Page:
2017 Harley-Davidson Road King: Split personality

By David BoothPosted on

More valves, more power, and the song remains the same
Harley-Davidson introduces new engines about as often as the Maple Leafs make the play-offs, which is, as my Dave Keon–worshipping father laments, not very often. The current big twin, the Twin Cam, has been around since 1999 and before that the much-celebrated Evolution held sway for 15 long years. In other words, an all-new engine is big — nay, huge — news for hawg owners, one that one would think would be welcomed as rejuvenation.

Tradition, unfortunately, can easily morph into hidebound inflexibility, especially when your clientele is, as Harley’s is, a little past their prime. Thus has there been an undercurrent of skepticism — a wait-and-see attitude, if you will — amongst some of Harley’s “core” audience — again, that would be old and male — their grousing seemingly that any form of modernization would indubitably render America’s iconic V-twin less Harley. Indeed, their worry seems to be that modernity — seemingly synonymous with homogenization in the minds of Harley’s core — will somehow result in Harley building a “metric cruiser” (think all those Republicans south of the border referring to President Obama as “Kenyan” for an idea of how derogatory that sobriquet is meant to be).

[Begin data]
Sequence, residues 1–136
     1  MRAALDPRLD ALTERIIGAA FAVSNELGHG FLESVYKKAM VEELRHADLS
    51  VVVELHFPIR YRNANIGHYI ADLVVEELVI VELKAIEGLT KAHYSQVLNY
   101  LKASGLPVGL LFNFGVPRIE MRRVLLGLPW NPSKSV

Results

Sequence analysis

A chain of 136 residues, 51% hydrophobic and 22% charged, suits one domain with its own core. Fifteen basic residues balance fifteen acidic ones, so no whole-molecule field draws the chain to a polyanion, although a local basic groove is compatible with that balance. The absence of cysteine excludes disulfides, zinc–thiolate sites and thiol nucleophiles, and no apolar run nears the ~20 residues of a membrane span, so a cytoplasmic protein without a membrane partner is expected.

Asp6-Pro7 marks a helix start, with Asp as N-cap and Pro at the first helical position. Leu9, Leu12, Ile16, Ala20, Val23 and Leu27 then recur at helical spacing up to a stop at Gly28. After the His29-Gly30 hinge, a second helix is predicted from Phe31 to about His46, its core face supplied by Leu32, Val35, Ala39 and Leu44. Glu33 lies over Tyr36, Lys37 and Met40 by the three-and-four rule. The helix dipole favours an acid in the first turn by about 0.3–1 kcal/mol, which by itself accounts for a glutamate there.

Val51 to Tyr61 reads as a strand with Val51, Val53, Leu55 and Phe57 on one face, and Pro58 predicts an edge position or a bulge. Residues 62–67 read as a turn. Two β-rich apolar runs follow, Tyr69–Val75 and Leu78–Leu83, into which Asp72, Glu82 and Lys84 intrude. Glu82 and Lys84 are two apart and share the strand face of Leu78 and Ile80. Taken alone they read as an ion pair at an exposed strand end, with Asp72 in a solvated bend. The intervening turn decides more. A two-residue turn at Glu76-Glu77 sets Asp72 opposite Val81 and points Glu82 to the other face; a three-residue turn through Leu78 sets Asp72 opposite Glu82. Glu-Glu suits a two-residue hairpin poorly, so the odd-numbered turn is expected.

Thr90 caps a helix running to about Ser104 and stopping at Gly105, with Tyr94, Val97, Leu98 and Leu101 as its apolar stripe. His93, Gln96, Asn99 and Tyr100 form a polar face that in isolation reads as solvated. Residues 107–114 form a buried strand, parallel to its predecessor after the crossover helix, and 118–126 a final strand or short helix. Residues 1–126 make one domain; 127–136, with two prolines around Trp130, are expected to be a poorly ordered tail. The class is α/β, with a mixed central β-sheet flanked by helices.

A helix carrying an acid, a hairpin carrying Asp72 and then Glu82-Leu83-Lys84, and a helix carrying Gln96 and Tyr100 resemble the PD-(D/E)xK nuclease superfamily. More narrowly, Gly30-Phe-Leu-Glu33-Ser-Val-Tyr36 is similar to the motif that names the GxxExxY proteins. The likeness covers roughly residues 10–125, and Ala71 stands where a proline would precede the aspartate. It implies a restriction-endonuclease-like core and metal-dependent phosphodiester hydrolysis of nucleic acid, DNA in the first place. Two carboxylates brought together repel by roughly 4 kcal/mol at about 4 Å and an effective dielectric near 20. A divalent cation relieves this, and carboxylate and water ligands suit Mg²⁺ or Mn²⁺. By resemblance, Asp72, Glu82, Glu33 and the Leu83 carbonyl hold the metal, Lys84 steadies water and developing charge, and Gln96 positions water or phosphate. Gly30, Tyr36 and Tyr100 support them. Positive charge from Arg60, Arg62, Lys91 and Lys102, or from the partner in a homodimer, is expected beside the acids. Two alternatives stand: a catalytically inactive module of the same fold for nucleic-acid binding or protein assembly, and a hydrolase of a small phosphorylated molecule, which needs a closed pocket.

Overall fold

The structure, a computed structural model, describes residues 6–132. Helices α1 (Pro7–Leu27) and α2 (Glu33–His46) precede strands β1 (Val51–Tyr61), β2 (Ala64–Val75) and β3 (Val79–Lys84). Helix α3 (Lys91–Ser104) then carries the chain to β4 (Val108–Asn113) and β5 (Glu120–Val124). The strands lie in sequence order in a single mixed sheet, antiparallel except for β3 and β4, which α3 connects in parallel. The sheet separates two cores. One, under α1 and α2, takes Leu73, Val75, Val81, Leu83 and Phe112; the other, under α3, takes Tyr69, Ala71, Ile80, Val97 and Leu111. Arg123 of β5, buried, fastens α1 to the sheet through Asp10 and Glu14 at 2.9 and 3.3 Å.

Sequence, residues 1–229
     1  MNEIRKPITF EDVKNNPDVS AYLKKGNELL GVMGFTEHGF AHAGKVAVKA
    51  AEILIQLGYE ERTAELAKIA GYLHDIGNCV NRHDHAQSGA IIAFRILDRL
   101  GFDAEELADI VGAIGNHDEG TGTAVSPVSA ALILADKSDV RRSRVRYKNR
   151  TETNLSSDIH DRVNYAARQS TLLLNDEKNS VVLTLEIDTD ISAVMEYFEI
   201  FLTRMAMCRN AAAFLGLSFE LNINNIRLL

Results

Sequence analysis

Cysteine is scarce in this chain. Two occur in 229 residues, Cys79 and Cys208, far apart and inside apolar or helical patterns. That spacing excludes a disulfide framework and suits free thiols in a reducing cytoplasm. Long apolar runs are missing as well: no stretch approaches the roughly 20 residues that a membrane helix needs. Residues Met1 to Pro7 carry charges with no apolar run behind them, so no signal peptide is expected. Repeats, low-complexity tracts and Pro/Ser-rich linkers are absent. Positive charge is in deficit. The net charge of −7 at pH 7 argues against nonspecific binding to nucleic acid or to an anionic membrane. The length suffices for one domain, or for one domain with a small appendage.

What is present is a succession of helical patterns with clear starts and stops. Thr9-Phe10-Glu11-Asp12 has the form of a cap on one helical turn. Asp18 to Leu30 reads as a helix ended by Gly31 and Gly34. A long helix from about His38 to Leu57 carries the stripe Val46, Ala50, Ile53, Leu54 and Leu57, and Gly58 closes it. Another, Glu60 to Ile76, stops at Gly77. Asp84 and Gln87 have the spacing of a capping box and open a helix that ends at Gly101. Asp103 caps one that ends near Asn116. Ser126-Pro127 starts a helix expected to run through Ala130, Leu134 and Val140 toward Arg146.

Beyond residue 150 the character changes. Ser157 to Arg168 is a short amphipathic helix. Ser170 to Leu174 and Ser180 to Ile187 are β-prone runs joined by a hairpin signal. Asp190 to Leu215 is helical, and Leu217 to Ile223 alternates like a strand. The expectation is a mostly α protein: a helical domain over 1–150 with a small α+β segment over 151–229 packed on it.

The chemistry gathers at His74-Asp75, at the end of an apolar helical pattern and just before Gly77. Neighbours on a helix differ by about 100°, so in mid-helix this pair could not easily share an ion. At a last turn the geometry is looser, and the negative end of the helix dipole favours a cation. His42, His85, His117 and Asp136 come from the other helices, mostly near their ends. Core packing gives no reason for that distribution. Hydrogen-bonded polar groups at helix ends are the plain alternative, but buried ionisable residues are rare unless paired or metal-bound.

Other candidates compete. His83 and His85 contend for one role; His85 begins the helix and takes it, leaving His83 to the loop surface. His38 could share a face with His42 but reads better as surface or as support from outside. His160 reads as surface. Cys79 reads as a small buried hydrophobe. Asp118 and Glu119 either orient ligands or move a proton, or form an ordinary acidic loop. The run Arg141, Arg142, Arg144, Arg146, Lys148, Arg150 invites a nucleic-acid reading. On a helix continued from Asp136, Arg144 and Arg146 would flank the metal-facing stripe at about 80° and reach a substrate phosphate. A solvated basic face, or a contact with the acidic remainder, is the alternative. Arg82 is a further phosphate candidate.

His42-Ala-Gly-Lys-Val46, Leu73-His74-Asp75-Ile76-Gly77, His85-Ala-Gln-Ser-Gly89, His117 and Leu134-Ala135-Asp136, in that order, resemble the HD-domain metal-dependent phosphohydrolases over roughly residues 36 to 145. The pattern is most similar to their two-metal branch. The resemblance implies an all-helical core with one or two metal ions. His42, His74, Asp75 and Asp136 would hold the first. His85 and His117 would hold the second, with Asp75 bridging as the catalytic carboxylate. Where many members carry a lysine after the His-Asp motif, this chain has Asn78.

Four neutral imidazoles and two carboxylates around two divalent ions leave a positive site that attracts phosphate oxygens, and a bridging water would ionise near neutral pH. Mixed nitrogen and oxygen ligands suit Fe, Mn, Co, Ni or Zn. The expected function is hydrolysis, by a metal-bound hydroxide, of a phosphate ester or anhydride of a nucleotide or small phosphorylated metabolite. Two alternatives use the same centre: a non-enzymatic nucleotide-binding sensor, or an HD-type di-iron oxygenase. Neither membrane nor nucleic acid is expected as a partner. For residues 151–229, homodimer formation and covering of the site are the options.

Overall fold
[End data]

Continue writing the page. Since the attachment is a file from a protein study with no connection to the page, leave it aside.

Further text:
Their worries are unfounded. Despite Harley’s desire to broaden its horizons — hence its “Outreach” program to bring women and minorities into is showrooms — it is still that precious “core” that rules Milwaukee. According to Paul James, Harley-Davidson’s director of product planning, virtually every decision that went into designing the new Milwaukee-Eight, every nuance to its design — internal or external — is focused on Milwaukee’s traditional audience.

“We focus-grouped both our traditional customers and they all said the same thing: While there were calls for ‘more power’ and a cooler [as in less calf-cooking engine heat] riding experience, the number one mandate that we heard was ‘I want the iconic Harley-Davidson look, sound and feel with any new design.’”

So diligently did Harley chase this look, sound and feel that most people other than hard-core Harley owners will find it hard to distinguish the new Milwaukee-Eight remake from the previous Twin Cam. The finning is all but identical, the trademark splayed pushrod tubes are still front and centre on the right side of the engine, and even the iconic rocker boxes aren’t that much different from the Twin Cam’s. Yes, if laid bare, all the new plumbing for oil- and water-cooling circuits — the Road King’s Milwaukee-Eight is oil-cooled, but those on touring models are liquid-cooled — are apparent. But, installed in the Harley of your choice, there’s barely anything to distinguish the new Milwaukee-Eight from its predecessor. Indeed, so assiduously did Harley-Davidson emulate its engines of yore that many of the assembled motojournalists had trouble distinguishing the 2016 Big Twins brought along as counterpoint for the new Eights.